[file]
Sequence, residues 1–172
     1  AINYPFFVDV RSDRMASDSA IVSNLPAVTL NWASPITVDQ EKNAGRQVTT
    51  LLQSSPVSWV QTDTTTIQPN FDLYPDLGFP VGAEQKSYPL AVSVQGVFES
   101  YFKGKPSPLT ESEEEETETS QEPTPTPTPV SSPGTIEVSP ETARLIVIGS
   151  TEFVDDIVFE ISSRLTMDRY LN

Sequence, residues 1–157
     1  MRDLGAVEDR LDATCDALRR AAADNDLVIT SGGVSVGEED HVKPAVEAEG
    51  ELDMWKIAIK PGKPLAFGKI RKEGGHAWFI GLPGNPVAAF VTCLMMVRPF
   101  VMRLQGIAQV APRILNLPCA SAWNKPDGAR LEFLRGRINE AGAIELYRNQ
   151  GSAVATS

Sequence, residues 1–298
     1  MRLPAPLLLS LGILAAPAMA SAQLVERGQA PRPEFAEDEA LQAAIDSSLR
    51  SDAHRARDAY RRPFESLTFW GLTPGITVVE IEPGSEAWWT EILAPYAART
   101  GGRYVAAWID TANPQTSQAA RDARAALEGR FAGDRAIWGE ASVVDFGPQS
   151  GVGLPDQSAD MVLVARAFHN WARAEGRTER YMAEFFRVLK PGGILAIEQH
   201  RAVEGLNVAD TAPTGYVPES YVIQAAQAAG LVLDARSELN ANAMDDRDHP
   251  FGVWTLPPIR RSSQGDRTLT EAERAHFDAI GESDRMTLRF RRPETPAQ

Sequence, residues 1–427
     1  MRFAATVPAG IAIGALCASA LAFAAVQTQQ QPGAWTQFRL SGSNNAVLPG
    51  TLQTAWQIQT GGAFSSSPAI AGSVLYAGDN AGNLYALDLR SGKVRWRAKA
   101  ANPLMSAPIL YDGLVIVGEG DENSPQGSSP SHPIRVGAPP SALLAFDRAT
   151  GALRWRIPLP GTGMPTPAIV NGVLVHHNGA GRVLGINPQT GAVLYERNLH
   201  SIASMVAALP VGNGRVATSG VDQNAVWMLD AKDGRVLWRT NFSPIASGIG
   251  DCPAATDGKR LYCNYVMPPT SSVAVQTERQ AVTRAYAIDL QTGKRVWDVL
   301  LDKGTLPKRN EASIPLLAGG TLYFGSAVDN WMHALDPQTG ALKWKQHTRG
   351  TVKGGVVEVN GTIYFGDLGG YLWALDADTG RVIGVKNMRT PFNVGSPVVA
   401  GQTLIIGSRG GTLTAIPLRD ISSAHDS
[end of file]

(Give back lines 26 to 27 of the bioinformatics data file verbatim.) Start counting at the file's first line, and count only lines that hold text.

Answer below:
   351  TVKGGVVEVN GTIYFGDLGG YLWALDADTG RVIGVKNMRT PFNVGSPVVA
   401  GQTLIIGSRG GTLTAIPLRD ISSAHDS